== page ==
Want to reverse your body clock by 20 years? Longevity scientist claims to have found the simple answer

Christian Drapeau (left) and supplements (right)

Boosting stem cell production can support the body’s natural ability to repair and stay healthy, scientist claims

Christian Drapeau/Getty Images
Adam Chapman

By Adam Chapman


Published: 18/05/2024

- 10:08

Updated: 18/05/2024

- 10:20

Stem cells are being touted as the key to longevity. Our digital health editor Adam Chapman gets the low-down from a leading scientist in the field

Since the dawn of man, longevity has been the ultimate goal.

For centuries, praying to the gods was the only answer. Then science came online.


Fast forward to 2024 and researchers are pushing the limits of what is possible.

Stem cell production is the latest frontier in this exciting new field.

To understand more about the role that stems cells play in in the body and the promise they hold in extending human lifespan, GB News sat down with leading stem cell scientist Christian Drapeau.

Person putting a sample into a petri dish

Stem cells are known for their role in tissue repair

Getty Images

Stem cells are essentially known for their role in tissue repair - they are the repair system of the body. But aside from this essential role, stem cells also play a vital role in tissue maintenance.

As the scientist explains, we experience “ageing” as a slow decline as we get older, but this is not how ageing is actually taking place in our tissues.

"During the entire life of an individual, cells are being lost in every single organ and tissue, and we stay healthy as long as we have enough stem cells in circulation to replace the cells that have been lost. All organs and tissues are constantly in a process of turnover," Drapeau explained.

The problem is that we are born with red marrow that makes stem cells, but it quickly converts into yellow marrow that does not make stem cells, he says.

By age 30 we have lost 90 percent of our red marrow, which corresponds to a 90 percent decline in the number of circulating stem cells.

"Ageing truly begins when we no longer have enough circulating stem cells to balance the natural process of tissue turnover," the scientist said.

He continued: "Over time, all age-related problems are caused by a deficit in stem cells; people with virtually any age-related disease have 50 percent or less than the number of circulating stem cells found in healthy people of the same age. We develop diseases because we can no longer effectively maintain our organs and tissues."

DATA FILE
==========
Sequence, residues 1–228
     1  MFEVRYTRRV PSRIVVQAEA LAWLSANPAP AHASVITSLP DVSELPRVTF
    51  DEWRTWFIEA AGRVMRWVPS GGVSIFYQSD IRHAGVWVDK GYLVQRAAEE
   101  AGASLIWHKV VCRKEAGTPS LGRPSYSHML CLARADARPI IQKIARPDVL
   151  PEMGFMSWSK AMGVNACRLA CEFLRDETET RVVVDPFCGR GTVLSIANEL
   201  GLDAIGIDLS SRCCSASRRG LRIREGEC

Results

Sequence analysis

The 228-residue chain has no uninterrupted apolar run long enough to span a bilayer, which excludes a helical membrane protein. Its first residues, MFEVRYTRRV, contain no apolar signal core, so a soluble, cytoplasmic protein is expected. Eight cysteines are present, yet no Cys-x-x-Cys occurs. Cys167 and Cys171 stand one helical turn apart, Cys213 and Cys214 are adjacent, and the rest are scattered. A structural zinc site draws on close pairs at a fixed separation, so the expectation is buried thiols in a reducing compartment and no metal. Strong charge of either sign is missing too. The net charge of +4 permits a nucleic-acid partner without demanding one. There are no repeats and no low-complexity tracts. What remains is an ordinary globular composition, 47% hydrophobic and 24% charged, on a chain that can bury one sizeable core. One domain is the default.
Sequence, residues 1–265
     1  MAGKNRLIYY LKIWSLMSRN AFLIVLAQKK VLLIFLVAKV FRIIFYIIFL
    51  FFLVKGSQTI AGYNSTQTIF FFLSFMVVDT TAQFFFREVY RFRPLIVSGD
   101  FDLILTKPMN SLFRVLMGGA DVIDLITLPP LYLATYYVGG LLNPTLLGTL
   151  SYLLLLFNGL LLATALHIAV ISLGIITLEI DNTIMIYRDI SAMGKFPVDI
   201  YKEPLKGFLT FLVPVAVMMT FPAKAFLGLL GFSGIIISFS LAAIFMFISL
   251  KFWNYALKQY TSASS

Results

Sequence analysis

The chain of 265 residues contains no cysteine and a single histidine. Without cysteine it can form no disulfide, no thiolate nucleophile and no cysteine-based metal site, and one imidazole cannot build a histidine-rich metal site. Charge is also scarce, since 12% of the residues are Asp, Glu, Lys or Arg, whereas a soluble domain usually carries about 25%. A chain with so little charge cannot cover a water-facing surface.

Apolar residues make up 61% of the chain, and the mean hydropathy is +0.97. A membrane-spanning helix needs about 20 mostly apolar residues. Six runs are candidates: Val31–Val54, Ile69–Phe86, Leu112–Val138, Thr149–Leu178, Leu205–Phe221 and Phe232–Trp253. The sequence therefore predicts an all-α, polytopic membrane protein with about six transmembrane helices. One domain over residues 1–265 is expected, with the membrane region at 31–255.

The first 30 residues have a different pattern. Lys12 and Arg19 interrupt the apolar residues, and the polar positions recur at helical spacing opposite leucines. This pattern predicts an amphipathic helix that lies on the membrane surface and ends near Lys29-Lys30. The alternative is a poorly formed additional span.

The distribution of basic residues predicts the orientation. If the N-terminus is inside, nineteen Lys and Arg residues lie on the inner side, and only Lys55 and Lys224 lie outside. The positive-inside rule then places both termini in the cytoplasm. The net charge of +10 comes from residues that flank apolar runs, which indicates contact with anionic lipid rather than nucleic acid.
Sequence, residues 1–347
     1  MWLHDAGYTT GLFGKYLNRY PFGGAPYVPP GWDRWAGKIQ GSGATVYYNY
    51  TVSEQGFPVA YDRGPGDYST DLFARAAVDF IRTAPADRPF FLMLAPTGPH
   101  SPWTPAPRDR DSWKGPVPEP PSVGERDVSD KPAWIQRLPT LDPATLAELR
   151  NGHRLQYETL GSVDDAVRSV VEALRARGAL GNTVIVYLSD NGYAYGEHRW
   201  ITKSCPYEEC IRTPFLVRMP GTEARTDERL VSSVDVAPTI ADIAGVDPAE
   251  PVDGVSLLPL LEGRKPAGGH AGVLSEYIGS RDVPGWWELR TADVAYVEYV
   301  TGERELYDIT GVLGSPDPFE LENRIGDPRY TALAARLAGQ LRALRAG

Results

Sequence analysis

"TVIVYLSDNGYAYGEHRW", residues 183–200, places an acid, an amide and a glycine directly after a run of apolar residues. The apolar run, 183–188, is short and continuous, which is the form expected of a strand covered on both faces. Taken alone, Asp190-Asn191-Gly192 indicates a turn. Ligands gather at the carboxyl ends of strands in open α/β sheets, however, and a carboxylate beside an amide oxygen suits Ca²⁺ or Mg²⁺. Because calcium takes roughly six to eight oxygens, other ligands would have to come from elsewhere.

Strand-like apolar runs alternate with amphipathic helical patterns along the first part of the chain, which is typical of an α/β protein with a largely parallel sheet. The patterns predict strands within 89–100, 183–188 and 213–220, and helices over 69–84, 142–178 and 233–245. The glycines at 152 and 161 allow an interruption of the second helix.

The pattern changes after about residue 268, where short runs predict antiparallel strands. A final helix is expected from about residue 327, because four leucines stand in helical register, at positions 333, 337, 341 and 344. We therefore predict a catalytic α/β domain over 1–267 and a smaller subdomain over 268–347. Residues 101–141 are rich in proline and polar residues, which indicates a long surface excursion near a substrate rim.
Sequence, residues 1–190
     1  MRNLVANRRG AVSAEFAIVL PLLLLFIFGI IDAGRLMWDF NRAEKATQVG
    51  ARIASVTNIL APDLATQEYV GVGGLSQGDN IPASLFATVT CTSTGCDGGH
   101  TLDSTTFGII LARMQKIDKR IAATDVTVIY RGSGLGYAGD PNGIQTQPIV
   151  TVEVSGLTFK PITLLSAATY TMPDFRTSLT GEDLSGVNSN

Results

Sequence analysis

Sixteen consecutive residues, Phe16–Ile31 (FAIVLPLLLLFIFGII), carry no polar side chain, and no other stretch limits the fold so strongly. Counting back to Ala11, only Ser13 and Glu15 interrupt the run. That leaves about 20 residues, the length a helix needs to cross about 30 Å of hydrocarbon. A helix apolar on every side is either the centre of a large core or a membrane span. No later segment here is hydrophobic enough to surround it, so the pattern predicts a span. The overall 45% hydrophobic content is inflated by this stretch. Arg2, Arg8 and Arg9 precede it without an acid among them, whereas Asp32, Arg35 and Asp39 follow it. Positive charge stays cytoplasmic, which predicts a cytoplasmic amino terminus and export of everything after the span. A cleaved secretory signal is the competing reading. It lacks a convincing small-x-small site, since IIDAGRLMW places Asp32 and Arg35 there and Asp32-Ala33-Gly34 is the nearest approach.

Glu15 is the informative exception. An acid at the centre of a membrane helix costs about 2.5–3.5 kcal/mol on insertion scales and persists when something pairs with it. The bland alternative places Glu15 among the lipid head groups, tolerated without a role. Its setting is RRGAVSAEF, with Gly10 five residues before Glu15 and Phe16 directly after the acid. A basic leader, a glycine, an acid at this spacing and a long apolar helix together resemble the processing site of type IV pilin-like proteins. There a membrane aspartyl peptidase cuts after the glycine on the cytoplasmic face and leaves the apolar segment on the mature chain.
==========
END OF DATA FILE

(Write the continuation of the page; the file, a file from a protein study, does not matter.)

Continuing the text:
The solution? For Drapeau, it's all about "putting more stem cells in circulation every day gives back to the body its ability to repair as when we were 10 to 20 years younger, increasing quality of life and maintaining optimal health as we age".

That’s where Stemregen comes in. The scientist has created a blend of natural ingredients that he says helps the body release more of its own stem cells, assisting in the body’s natural repair and renewal system.

Stem cells

"Taking two capsules will trigger the release of an average of 10 million additional stem cells from the bone marrow within two to three hours after consumption. Taking Stemregen daily supports the body’s natural ability to repair and stay healthy," he claimed.

Editor's take

The excitement in this field is understandable but it's important to manage expectations.

There's limited evidence to suggest that stem cell supplements can increase the body's stem cells.

More research is therefore needed to determine the effectiveness and safety of these products for various health conditions and general health purposes.

Stem cells have long shown considerable promise, however.

in 1999, Sciencenamed stem cell research at the very top of the 10 most important research fields in the 21st century.


And the field is only going from strength to strength.

For example, researchers have studied embryonic stem cell therapy in humans and animal models, including mice and rats.

Embryonic stem cell injections into mice with poor ovarian function improved ovarian function. A human study also showed that embryonic stem cells improved heart function following heart tissue injury.

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